Jim Gerlach, President & CEO of the Greater Reading Chamber Alliance (GRCA) issued the following statement praising the passage of the 2022-23 state budget that includes the long-sought reduction of our state Corporate Net Income Tax (CNIT), the allowance for like kind exchanges, paying down the debt in the Unemployment Compensation Security Fund, and other important programs and policies that will directly benefit the Berks County business community.
“GRCA members have long advocated for a reduction to Pennsylvania’s prohibitively high CNIT. This gradual reduction from 9.99% to 4.99% by 2031 will send a clear signal that PA is truly ‘Open for Business.’ Thank you to the Berks County legislative leaders who voted for SB 1100 which also included finally aligning the state tax code with federal tax code, allowing for like kind exchanges. This tax change will greatly benefit our small business and agribusiness communities, helping them leverage additional funds to invest in expansion, improvements, and technology upgrades.
We are very pleased to see $42 million of American Rescue Plan funds go to paying down outstanding debt in the Workers’ Compensation Security Fund which will ensure the Unemployment Compensation Tax levied on businesses will not be increased due to COVID related job loss. This $45.2 billion budget will see increases in the Education Improvement Tax Credit (EITC) and Opportunity Scholarship Tax Credit (OSTC) on top of an $850 million increase for K-12 school districts with $225 million earmarked for the 100 neediest school districts. The budget also includes the largest investment ever in agriculture, directing significant funding to combatting the spread of disease, such as avian flu, and invasive species, such as the spotted lanternfly.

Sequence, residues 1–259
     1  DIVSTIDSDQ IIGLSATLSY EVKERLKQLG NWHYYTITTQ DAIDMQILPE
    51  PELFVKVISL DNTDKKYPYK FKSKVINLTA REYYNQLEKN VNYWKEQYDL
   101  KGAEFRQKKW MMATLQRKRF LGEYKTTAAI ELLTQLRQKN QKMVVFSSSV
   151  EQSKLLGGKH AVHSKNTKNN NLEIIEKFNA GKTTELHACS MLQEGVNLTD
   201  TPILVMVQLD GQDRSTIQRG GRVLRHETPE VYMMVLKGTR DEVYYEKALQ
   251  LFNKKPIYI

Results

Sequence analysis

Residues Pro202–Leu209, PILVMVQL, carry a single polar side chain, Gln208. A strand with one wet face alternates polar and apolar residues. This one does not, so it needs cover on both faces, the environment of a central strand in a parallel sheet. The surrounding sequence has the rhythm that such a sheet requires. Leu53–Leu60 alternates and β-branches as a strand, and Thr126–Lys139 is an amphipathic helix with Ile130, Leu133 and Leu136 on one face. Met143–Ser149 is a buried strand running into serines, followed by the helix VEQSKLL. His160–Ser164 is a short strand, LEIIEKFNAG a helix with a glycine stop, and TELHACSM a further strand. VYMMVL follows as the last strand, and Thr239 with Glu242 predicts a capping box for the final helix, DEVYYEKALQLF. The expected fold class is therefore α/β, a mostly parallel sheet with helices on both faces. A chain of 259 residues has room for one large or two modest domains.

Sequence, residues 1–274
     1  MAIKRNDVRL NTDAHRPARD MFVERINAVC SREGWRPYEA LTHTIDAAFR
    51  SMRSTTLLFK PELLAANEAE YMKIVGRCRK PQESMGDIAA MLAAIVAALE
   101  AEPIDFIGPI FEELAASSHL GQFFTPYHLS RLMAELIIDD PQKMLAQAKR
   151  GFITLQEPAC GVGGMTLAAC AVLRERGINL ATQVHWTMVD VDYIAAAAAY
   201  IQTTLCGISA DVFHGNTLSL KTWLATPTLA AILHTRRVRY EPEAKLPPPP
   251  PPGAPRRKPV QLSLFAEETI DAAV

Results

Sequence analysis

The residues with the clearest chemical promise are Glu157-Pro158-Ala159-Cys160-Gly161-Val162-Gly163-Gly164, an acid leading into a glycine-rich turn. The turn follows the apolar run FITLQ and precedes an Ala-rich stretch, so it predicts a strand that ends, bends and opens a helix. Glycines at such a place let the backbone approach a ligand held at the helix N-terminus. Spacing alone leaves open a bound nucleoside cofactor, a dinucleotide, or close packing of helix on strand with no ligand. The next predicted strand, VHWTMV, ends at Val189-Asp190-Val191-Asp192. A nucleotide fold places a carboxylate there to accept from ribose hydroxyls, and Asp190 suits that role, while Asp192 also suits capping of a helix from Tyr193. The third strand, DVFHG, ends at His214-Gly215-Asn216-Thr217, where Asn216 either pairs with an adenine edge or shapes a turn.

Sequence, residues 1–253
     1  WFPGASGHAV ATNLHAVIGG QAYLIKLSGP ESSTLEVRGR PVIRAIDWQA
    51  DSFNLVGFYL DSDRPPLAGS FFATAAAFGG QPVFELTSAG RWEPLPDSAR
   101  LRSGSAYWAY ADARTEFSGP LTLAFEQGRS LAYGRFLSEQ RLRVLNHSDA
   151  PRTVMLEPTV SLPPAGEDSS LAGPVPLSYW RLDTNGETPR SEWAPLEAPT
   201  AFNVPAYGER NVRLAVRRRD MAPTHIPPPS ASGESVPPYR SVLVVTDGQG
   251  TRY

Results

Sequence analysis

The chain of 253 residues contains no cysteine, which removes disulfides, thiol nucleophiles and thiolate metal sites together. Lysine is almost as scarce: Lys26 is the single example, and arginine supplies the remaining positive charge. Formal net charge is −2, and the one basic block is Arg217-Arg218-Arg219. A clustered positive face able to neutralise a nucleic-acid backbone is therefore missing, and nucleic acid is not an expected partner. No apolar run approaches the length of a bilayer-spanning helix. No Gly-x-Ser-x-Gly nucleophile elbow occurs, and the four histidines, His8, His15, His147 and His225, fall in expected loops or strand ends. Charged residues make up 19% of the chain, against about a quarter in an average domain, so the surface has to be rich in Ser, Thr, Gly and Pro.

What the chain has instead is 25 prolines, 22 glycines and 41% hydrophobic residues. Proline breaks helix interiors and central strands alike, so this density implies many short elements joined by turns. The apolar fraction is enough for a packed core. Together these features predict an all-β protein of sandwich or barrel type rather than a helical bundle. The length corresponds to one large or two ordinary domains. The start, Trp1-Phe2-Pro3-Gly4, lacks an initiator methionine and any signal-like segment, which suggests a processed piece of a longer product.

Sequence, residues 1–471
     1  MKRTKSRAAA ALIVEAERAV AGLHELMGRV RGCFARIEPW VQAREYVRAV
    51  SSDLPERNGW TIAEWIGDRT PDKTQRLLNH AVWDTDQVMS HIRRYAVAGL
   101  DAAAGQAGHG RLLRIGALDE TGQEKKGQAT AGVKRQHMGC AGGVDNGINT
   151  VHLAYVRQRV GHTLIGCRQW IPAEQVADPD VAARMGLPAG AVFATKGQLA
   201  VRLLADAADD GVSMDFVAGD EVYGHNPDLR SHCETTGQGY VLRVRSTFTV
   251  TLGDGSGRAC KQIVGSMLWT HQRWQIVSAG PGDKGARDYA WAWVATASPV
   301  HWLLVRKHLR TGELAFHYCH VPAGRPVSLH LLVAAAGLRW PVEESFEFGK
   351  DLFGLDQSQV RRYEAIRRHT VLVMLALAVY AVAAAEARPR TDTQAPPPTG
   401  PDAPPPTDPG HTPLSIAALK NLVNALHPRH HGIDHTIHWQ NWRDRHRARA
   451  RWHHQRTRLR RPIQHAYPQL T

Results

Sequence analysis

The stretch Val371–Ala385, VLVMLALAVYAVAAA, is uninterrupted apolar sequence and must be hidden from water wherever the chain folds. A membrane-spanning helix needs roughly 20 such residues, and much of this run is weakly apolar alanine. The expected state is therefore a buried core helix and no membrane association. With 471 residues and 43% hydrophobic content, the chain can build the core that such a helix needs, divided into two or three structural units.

We applaud our legislative leaders for their fiscal conservancy in this year of historic revenue by holding new spending to just 2.9 percent over the 2021-22 budget. This budget will pay down $2 billion in “structural” debt and increase the Rainy-Day Fund to $5 billion, while preserving $3.6 billion of the state’s surplus for future budgets.”